Wednesday Assorted Links

1. Why Financial Literacy is So Elusive.

“It is bad enough that most people are not financially literate, but the painful reality is that investor education does not work — at least not much beyond six months. After that, it is like any other abstract subject taught in a classroom, mostly forgotten. . . .

Not that this has stopped states from mandating financial literacy for high schoolers. The Washington Post reported last week that financial-literacy classes are mandated by 19 states in order to graduate from high school, up from 13 states eight years ago. This is well-meaning, but without a radical break from how financial literacy is taught, it is destined to be ineffective.

Why? There are a number of reasons: The subject is abstract and can be complex; specific skills deteriorate fairly soon after graduation from high school; the rote memorization and teach-to-the-test approach used so much in American schools is ineffective for this sort of knowledge.”

2. Japanese office chair racing. Hell yes.

3. Remembering the runner who never gave up.

4. Six places in Europe offering shelter from the crowds.

5. What ever happened to Freddy Adu?

The heart of the matter:

“When he wasn’t scoring, he wasn’t doing much of anything. ‘He saw himself as the luxury player, the skill player,’ Wynalda said. ‘Give me the ball and I’ll make something happen.’ ‘OK, I screwed up, give it to me again.’ ‘OK, again. Just keep giving it to me.’ And eventually it’s like, ‘You know what? I’m going to give it to some other guy.'”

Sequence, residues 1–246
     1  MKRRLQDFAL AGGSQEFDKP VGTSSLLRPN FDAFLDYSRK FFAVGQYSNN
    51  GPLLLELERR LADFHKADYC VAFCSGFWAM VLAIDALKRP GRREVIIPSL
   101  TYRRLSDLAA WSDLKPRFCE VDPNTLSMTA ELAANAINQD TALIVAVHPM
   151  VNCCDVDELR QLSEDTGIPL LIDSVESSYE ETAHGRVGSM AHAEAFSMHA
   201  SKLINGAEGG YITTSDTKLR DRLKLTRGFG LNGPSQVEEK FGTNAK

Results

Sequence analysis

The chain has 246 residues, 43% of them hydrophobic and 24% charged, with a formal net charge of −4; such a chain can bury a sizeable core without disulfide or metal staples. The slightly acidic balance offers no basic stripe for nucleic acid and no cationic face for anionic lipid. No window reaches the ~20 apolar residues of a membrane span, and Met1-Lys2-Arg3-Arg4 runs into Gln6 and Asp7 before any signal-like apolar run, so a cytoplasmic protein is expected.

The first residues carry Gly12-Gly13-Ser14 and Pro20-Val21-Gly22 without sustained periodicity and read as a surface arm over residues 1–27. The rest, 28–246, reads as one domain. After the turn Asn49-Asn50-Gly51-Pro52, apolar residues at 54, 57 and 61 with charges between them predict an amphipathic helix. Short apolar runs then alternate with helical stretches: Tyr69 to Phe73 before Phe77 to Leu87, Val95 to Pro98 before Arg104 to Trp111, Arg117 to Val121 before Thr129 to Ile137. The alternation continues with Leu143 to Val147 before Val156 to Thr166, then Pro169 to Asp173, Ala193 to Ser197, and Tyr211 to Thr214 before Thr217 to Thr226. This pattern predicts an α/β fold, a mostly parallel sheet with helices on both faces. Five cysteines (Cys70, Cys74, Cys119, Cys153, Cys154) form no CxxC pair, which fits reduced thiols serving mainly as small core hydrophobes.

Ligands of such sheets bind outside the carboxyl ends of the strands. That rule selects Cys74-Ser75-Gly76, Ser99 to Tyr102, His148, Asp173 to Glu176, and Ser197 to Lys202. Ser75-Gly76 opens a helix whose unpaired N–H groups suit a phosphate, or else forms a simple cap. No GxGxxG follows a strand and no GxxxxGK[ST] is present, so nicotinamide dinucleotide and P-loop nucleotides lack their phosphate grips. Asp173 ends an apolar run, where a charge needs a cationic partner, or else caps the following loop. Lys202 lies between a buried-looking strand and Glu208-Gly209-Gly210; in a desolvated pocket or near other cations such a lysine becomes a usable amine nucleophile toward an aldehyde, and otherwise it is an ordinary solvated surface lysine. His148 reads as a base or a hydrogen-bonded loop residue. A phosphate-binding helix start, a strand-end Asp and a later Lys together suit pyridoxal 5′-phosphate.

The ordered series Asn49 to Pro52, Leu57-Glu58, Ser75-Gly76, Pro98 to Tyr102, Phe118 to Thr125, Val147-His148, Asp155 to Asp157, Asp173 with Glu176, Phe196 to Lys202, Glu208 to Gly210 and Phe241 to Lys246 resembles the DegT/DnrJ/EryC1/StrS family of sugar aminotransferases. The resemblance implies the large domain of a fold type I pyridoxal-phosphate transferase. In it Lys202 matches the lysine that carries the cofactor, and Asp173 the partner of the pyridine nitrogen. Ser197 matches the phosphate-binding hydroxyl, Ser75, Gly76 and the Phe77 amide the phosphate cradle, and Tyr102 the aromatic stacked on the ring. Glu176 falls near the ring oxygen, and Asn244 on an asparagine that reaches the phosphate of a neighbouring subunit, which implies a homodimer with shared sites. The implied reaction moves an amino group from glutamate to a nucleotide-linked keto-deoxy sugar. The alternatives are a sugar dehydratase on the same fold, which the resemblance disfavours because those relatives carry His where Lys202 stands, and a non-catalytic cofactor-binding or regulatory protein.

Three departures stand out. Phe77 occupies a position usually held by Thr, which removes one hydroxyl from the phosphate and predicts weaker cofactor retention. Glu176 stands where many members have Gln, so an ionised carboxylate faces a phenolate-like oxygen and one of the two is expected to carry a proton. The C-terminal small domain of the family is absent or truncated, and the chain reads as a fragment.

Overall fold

6A. The Surreal End of an American College.

6B. The Anti-College is on the Rise.

. . . a revolt against treating the student as a future wage-earner.

The Hidden Cost Of Wealth

William James via David Brooks in Second Mountain:

“James concluded that there is something in us that seems to require difficulty and the overcoming of difficulty, the presence of both light and darkness, danger and deliverance. ‘But what our human emotions seem to require,’ he wrote, ‘is the sight of struggle going on. The moment the fruits are being merely eaten, things become ignoble. Sweat and effort, human nature strained to its uttermost and on the rack, yet getting through it alive, and then turning its back on its success to pursue another [challenge] more rare and arduous still—this is the sort of thing the presence of which inspires us.'”

Unwittingly, with this insight, James exposes a hidden cost of wealth. Often, the wealthier people get, the more their lives are taken up with endless conversation about how to make life more convenient and comfortable as well as with the actual researching and purchasing of products and services intended to make life less difficult and challenging. The amorphous goal is to eliminate struggle. The accomplishment of which fails to inspire anyone or anything.

Rick Steves Wants to Save the World

One vacation at a time. Lengthy profile of the travel guru, but really well written and well worth the time. In the spirt of Steves, I’m off on a two-week vacation, during which I’ll be pressing pause on Pressing Pause.